With each of our perspectives we’re all able to contribute and evaluate investments differently. As a group and a team this works out really well. Even if at times we disagree, we approach ideas together as a very well rounded group so each is reviewed comprehensively, thoughtfully, and with various filters to best assure success.
Caprino: What are the top five steps that almost all of these budding entrepreneurs need to do to make their idea more potentially successful and commercially viable?
Zuckerberg: These are my top five suggested steps:
1. Know the market — Give specifics, what’s the global market revenue?
2. Have a solid 30-second pitch — Be able to sell you AND your product on a dime.
3. Test your product on a small scale before you quit your day job. Make sure the idea has traction in a small market.
4. Start small – no one builds a big empire overnights. Start with something you know you can do then grow from there.
5. Win early— Make a few sales, put together a focus group, market test—whatever it takes to get early projections on the marketplace, which will also boost your confidence in the product.
Leffler: And here are mine:
1. The BIG idea that can truly become a viable business
2. The incredible people with diverse skill sets that will make up your founding team (or co-found the idea)
3. Find some honest people to bounce your idea off
Caprino: What do the “worst” ideas have in common, and what to the “best” ideas have in common?
Zuckerberg: There’s no such thing as a bad idea as long as an entrepreneur is flexible enough to be able to pivot and adjust?? to the market place. The entrepreneurs themselves are just as important as the ideas. I’ve seen great ideas ruined by entrepreneurs who couldn’t get out of their own way. I’ve also seen questionable ideas be turned into huge successes by savvy entrepreneurs.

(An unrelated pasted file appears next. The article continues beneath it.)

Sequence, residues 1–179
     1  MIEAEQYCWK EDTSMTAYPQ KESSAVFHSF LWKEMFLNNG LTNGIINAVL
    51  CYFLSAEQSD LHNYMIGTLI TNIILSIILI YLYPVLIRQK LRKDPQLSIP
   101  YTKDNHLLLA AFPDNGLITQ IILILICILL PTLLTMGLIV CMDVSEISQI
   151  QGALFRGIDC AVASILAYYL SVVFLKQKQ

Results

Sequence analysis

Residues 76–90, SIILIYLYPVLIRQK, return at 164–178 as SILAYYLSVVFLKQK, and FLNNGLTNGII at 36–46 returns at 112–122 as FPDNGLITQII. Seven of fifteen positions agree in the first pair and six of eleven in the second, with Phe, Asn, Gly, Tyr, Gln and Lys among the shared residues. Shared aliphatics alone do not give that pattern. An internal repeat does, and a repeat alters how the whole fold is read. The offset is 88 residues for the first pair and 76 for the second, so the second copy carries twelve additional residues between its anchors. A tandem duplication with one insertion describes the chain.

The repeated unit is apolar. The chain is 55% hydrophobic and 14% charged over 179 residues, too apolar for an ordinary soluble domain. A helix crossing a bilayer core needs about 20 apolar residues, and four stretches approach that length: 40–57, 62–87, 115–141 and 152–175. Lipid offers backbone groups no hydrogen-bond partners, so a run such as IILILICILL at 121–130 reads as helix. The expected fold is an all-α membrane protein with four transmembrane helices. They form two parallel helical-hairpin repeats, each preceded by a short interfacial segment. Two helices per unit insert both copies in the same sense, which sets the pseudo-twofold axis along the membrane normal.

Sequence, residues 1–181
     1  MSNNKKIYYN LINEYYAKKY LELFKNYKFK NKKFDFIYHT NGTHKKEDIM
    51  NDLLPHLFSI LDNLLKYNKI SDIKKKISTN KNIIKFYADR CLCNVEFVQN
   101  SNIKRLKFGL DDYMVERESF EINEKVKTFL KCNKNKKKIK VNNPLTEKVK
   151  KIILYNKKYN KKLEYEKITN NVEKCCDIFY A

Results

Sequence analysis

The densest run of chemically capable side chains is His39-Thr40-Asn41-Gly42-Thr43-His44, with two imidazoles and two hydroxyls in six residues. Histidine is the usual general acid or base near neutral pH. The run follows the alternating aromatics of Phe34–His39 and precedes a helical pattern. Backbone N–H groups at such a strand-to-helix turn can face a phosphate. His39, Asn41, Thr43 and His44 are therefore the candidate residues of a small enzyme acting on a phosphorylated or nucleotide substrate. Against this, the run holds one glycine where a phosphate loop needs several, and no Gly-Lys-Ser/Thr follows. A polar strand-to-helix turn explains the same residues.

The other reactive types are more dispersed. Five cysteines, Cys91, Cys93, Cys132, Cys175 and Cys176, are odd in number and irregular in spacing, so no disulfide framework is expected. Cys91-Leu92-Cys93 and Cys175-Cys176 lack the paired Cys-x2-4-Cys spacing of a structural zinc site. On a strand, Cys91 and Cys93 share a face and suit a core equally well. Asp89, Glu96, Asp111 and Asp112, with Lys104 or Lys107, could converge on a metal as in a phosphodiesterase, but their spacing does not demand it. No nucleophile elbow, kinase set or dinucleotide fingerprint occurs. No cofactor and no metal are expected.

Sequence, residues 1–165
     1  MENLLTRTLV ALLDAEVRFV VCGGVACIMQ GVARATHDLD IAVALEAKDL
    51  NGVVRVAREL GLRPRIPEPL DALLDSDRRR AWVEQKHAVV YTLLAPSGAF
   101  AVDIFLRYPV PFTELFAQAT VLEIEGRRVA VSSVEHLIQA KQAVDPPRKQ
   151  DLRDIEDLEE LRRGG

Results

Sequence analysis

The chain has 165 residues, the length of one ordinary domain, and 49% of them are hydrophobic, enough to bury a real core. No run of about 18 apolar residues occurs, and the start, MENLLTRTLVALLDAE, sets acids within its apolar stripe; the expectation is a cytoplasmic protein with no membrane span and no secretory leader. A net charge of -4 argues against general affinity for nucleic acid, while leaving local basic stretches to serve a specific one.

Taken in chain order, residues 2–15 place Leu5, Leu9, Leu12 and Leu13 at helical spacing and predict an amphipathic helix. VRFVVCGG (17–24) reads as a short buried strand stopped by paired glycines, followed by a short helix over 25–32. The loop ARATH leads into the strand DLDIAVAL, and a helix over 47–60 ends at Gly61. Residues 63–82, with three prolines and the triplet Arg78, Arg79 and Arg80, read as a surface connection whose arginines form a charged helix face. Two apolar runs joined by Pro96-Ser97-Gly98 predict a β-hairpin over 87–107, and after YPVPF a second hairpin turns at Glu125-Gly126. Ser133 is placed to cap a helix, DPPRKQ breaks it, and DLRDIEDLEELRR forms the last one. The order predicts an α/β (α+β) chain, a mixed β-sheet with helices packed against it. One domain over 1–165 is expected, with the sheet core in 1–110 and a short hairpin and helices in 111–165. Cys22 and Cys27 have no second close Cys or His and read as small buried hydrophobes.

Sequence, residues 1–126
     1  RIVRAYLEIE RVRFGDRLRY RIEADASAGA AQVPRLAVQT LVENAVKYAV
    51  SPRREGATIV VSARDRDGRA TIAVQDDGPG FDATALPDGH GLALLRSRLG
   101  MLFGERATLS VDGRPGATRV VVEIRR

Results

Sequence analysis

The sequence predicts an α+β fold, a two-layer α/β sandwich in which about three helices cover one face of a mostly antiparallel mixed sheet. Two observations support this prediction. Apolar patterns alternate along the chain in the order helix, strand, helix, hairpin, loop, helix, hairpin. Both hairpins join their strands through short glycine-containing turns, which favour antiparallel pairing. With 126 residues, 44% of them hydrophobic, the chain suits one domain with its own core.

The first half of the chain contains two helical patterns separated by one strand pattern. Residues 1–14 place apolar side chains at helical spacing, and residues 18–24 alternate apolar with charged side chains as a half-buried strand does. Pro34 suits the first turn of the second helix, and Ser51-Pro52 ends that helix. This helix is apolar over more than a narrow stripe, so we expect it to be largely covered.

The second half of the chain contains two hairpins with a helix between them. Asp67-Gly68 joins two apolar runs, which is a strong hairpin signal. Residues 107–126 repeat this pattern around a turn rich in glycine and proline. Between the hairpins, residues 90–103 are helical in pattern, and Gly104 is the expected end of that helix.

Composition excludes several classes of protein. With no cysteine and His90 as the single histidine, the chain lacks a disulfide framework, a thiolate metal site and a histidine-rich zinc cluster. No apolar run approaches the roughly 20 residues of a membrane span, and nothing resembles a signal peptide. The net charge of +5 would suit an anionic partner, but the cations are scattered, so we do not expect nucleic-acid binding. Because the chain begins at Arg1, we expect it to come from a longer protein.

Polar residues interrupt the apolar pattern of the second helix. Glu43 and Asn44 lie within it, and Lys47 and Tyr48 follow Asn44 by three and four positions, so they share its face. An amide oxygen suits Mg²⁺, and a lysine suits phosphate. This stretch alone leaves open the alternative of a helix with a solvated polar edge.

Leffler: Any bad idea is one that has not been thoroughly thought out. If you come to us with a half thought that you cannot back up with data, financial planning and a clear direction than it’s almost always a “no.” A good idea is one that has a clear story and point of differentiation. Most importantly the best ideas are backed by the best people. If I can tell that you have a clear vision, and an authentic story and desire to see that vision through than good things are going to come your way.
Caprino: What are you hoping you’ll accomplish with “Quit Your Day Job?”
Zuckerberg: We hope to help a few entrepreneurs attain their goal of becoming a profitable, global brand. “Quit Your Day Job” is a runway, helping light a path for other potential start-up founders to clearly see what the process of running your own business is like.
Once you make the decision to start, you should hit the ground running, give yourself challenges, and learn to stay fluid because changes occur often and roadblocks pop up all the time. I’m also excited to inspire people to become entrepreneurs themselves and see that there is no one mold for what an entrepreneur looks like.
Leffler: I am hoping to pay it forward with “Quit Your Day Job.” Along my entrepreneurial journey, I had help from mentors and people who took it upon themselves to open doors and help make things happen for me. On QYDJ, we offer that same opportunity but to people who would ordinarily never be in the position to skyrocket their ideas and companies into success.
I’m also hoping to inspire the next generation of entrepreneurs so that they can see and understand that they can do this too. I want for everyone to understand that if they have a great idea, and the commitment and drive to truly take it somewhere, it is possible.
We’re here to show them how they can succeed and ideally quit their day job or make it one they love.